If I told you a black man got 25 members of the Klu Klux Klan to quit and never return, would you believe me?
That’s exactly what musician Daryl Davis has done over the last several decades. Davis documented his incredible story in a book and a documentary as well. It started when he was a black member of a country music band that began playing mostly white venues.
Davis began having conversations with some of the white patrons. One of the first men he spoke with told him he’d never had a drink with a black man before. When Davis inquired why that was, the man admitted he was a member of the KKK.
Though Davis has spent time with legends like Chuck Berry, Dolly Parton, Joe Frazier and more, it’s his time with KKK members that has made the most impact on the world. He even has a photo of himself with a hooded Klansman on his wall, right next to those music legends.
“Country music had made a resurgence in this country…I was the…only black in many of the places where we played,” Davis said.
After that first encounter with a Klan member, Davis began having regular conversations with them. He took a curious approach, asking a lot of questions, but never being asked for his opinion back on anything.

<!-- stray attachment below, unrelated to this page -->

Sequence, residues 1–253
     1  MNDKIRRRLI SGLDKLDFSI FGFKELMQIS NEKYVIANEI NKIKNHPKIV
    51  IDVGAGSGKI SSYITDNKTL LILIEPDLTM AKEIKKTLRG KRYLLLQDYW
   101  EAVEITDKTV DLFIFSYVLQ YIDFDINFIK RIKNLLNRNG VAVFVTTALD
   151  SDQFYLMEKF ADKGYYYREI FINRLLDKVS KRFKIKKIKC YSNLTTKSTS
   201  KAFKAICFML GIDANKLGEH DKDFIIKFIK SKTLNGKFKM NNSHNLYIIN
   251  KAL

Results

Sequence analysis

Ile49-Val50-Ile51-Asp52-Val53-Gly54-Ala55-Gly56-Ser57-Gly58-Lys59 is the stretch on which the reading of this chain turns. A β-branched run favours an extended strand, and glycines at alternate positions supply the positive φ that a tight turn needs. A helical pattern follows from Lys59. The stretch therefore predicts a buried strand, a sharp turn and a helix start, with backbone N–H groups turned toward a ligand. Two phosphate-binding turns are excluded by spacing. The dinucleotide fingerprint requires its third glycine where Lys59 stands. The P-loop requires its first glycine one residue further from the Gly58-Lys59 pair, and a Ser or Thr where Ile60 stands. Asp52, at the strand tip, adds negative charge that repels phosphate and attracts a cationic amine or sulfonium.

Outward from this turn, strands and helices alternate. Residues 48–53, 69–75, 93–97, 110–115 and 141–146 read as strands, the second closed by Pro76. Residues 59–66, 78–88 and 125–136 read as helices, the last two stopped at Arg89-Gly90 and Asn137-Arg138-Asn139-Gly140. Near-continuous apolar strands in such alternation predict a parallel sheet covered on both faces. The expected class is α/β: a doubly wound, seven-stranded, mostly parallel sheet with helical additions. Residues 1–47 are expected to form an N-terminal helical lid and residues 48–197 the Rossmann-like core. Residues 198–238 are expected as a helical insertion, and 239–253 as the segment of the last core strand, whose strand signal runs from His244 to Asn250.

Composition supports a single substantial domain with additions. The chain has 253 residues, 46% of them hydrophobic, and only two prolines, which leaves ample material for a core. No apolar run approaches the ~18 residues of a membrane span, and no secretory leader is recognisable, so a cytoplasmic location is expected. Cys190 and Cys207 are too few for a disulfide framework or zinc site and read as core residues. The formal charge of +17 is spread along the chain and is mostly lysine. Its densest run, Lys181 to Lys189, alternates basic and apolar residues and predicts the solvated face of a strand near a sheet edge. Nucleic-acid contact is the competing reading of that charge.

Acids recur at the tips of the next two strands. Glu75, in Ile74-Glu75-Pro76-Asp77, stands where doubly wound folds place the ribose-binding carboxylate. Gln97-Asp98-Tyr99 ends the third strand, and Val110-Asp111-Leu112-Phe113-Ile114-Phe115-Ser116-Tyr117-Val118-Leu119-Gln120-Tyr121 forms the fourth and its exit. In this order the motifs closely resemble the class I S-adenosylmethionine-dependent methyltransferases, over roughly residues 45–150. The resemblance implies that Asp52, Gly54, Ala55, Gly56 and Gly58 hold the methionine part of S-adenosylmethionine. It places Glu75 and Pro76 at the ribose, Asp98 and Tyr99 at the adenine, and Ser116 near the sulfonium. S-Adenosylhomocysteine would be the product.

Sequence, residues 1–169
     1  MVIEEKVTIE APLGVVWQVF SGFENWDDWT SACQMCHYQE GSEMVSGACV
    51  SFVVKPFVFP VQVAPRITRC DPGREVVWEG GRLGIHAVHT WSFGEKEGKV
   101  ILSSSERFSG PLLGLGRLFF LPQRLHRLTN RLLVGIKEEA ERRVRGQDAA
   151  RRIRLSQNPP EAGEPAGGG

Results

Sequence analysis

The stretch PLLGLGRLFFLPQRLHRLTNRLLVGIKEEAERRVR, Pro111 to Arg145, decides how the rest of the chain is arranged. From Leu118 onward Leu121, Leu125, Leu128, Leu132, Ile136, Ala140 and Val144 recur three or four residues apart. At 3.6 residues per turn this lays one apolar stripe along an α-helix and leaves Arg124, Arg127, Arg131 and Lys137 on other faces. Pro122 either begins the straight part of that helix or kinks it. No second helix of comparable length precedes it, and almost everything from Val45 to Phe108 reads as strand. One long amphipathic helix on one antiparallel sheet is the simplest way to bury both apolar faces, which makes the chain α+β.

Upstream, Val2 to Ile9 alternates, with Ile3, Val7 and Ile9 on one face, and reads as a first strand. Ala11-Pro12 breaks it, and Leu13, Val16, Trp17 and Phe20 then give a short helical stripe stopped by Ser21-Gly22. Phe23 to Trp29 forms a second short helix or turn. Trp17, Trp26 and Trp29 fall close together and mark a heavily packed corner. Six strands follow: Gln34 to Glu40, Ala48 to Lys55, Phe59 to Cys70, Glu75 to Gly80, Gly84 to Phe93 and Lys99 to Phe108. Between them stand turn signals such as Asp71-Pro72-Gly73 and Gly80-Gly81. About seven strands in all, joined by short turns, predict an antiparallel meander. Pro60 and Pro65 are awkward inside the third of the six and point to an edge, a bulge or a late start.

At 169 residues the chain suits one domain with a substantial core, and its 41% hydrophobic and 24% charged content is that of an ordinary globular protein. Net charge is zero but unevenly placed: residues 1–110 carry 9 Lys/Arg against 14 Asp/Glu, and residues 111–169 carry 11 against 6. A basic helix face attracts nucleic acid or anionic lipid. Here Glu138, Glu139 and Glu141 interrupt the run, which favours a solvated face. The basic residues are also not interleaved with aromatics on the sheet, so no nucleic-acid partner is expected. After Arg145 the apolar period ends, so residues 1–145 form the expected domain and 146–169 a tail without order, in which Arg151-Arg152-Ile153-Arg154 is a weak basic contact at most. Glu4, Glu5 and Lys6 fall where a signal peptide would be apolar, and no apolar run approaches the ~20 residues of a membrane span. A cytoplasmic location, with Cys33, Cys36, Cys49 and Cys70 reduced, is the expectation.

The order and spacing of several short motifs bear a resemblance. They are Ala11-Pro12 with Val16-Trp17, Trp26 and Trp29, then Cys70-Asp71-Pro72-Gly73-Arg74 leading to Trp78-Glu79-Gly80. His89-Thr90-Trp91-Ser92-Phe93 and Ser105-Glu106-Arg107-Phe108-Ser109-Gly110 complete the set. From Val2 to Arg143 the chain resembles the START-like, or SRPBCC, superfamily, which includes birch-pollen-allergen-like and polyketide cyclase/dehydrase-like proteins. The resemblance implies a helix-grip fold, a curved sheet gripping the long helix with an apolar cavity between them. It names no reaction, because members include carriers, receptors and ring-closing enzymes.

But it was this friendly, non-angry approach that gave him an opening to actually befriend the men who appeared — at first glance — to hate him because of his skin color. After spending some time with them, things began to change. Eventually, the KKK members did start to ask his opinion about things — and that’s when the lightbulbs began to appear in their minds.
Over the years, Davis’ friendships has convinced 25 men to leave the KKK — and many of them gave him their robes and hoods when they left. He keeps them as souvenirs, records of battles he won — though his intention was never to convert them int he first place. It was that human connection that showed them the light.
Though Davis has been criticized by some in the black community, he continues his mission.
“You need a multi-prong attack…from the front, from the side, from the back, from the rear window, whatever,” Davis said of how to topple white supremacy. “You don’t change the system without changing the people behind the system.”
This gets to part of my point in my essay earlier this week on how to approach events like Charlottesville. I hope more people will take Davis’ approach: